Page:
The way we respond to this disaster is a reflection upon us all. Right now, everyone has tar in their eyes, with an insane focus on blame, righteous anger and money. One high ranking British official told local Brits who receive a majority of their pensions from British Petroleum, "When you think of all that oil spilling into the Gulf, think of it as your retirement dollars."
BP and the State of Florida spent $25 million dollars last week on ads convincing tourists "Florida's beaches are clear." They intend to pull the ads by this week, as they know the oil will reach the shore -- and they want to have "truth in advertising."
We are surrounded with a smoke and mirrors campaign no one wants to hear, and retribution dominates these critical moments of clear thinking and action. The frenzy of "Drill baby drill" has transformed to "Sue baby sue." Something is terribly wrong with our priorities, and with corporate leadership. Everyday folks are weeping with despair, and feel totally powerless.
One of my great heroes in the field of leadership consulting is Margaret Wheatley, author of best selling Leadership and the New Sciences, professor, and co-founder of the Berkana Institute. Her newest book, Perseverance, has arrived at a fortuitous moment when all of us are wondering how we are going to persevere through one more disaster -- economic, natural, or man-made. It is potent, allegorical and healing in a way only Wheatley can manage.
Ironically, part of the inspiration came from a letter written by a CEO friend who lives on the Gulf coast, and was there during the aftermath of Hurricane Katrina. Her note to Wheatley simply said, "Every day I make a conscious choice not to give up."
That note was written before the oil spill.
I asked Wheatley what her friend has to say now. Shortly after the rig exploded in early May; Wheatley did receive a follow-up note so powerful it sent chills up my spine:
"Game over. For the shrimp and fishing industry, game over forever. For Louisiana wetlands- game over. For Cajun culture- game over. All Systems Fail."
The pain and suffering of the oil spill is preoccupying both our minds, and Wheatley is deeply concerned. She commented, "This is in our face as a nation, and we are in a moment of true impotence."
The first step to perseverance is recognition. Her book opens with, "We have never been here before in terms of the global nature of our predicament -- yet we have been here before. Humans have had to struggle with harsh times many times over; and you too, like all humans, have overcome difficult times. Now it's our turn to be the ones who step forward, who engage in the small actions that can, over time, grow into meaningful change."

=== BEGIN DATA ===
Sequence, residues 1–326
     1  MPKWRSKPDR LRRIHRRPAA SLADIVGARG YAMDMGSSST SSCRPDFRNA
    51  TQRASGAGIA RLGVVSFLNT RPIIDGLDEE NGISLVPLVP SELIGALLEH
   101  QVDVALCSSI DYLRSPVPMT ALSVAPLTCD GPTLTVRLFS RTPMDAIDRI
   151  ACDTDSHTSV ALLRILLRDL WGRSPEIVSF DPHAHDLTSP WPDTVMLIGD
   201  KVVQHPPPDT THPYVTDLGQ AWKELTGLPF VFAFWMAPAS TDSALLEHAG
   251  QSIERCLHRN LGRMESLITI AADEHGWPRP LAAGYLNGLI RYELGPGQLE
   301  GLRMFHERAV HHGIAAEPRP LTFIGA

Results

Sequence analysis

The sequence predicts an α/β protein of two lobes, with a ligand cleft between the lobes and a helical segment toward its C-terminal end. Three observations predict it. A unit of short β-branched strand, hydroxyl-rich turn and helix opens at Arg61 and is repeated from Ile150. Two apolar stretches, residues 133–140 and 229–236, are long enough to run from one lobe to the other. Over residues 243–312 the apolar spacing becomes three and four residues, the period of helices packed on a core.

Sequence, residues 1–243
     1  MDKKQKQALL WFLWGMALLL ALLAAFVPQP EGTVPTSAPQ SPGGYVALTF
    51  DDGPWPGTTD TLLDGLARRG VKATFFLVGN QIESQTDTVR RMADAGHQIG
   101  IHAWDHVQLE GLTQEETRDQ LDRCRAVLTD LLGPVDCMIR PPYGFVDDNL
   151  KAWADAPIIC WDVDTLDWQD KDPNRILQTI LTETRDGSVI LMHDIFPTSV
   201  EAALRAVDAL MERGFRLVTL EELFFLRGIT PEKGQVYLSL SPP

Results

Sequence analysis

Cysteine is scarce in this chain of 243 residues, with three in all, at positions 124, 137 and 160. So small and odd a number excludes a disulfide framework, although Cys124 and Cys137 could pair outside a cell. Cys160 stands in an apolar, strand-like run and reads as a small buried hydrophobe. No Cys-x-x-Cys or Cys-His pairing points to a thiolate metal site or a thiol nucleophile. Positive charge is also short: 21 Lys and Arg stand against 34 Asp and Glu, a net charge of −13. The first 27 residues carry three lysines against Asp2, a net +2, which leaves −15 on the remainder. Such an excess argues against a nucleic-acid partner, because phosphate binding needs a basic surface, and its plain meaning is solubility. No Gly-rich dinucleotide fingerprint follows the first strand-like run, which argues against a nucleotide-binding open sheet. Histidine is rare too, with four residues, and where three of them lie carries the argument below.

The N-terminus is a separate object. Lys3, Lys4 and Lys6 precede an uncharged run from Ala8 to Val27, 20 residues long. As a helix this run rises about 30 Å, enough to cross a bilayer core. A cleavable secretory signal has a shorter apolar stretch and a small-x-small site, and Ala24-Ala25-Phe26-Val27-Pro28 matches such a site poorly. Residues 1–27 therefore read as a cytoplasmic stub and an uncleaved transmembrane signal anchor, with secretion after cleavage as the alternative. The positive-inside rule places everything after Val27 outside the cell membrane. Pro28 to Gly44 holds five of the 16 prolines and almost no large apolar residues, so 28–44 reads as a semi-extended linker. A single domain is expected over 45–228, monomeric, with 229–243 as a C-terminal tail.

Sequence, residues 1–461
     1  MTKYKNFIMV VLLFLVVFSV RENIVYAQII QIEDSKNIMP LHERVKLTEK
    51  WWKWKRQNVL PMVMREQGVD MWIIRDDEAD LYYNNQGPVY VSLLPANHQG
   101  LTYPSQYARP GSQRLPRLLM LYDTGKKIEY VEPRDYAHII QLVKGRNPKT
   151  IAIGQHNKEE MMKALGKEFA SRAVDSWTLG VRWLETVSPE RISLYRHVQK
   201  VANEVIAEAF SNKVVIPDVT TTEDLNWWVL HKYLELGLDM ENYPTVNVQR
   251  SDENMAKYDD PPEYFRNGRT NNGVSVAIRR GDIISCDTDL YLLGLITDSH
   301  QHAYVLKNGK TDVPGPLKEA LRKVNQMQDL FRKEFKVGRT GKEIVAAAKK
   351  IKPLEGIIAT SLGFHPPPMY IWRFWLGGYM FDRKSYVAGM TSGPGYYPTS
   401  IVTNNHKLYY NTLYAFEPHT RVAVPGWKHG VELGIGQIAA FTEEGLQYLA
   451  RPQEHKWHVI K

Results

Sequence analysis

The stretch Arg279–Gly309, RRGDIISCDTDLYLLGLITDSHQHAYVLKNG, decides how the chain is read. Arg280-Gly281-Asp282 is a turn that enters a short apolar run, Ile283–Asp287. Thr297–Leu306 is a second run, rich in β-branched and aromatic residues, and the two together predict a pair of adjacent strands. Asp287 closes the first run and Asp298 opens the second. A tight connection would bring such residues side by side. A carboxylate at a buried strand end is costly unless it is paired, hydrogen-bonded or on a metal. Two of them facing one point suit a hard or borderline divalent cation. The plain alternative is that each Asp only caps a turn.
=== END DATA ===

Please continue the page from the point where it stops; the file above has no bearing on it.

Perseverance offers reflections on topics like righteous anger, blame and abandoning success, as well as hopeful aspects like steadfastness and joy. I asked Wheatley which passage best reflects the crisis in the Gulf, and she quietly yet firmly replied: "Lost".
"When we are overwhelmed and confused, our brains barely function. We reach for the old maps, the routine responses, what worked in the past. This is a predictable response, yet also suicidal. If we keep grasping for things to look familiar, and frantically try and fit new problems into old ways of thinking, we will continue to wander lost, and eventually collapse from our own confusion."
Whether it is getting out of a bad relationship, changing a corporate system, or facing the greatest natural disaster in our history, the only way to get out of "Lost" is to know the old ways don't work. "We have to abandon our anger," Wheatley said. "The calls for justice aren't getting anywhere -- besides destroying us as a nation." By recognizing we are lost, we can see new territory, and grasp the depth of what we don't know, so scientists of the world can sit and think together."
Even though no one has the faintest idea how to plug that gushing, subterranean arterial hemorrhage -- we have been here before. We have survived horrors and devastation, by strengthening our relationships with one another. The locals on the Gulf need to be recognized, heard, and given help. Those who can self-organize represent the true steadfast qualities of perseverance. The power of a community emerges out of necessity.
Wayne Landry, parish council president in St. Bernard Parish, and other leaders from parishes and counties in Louisiana and Mississippi have organized their own response, called the "coastal zone authority for recovery." Others are sending money, visiting troubled areas, and sending in thousands of suggestions to BP for clever ways to stop the bleed. It is a start.
How do we, Huff Po readers, persevere through all this? Wheatley warns, "We have pierced into Mother Earth's core, and maybe we can learn enough from all this for it to become a moment to evolve, rather than collapse."
This is a wake-up call. A chance for all of us to choose who we want to be. Let's get out of anger and blame, and recognize our crude oil addiction has got to stop. Let's learn something. "Perseverance is seemingly a journey without end. We become patient because we have to. Every day we have to make a choice. Will we give up or will we keep going?
Here is a very powerful meditation tool to help focus on the Gulf, and find ways to persevere. It is called a Tonglen Meditation, found in books by Pema Chodron. Sit, relax and get an image of the Gulf. Breathe in the image of endless oil polluting the Gulf, and breathed out light until it is clean and clear once again. Tonglen is an intensely powerful meditation that can be very hard to do, yet is so healing.
Ed and Deb Shapiro also suggested meditating while repeating the mantra, "May all beings be free from suffering and the conditions that cause suffering."
We can persevere. We have to. If you would like to share a comment, please do so, as our relationships help us all to persevere, and our conversations are of great importance.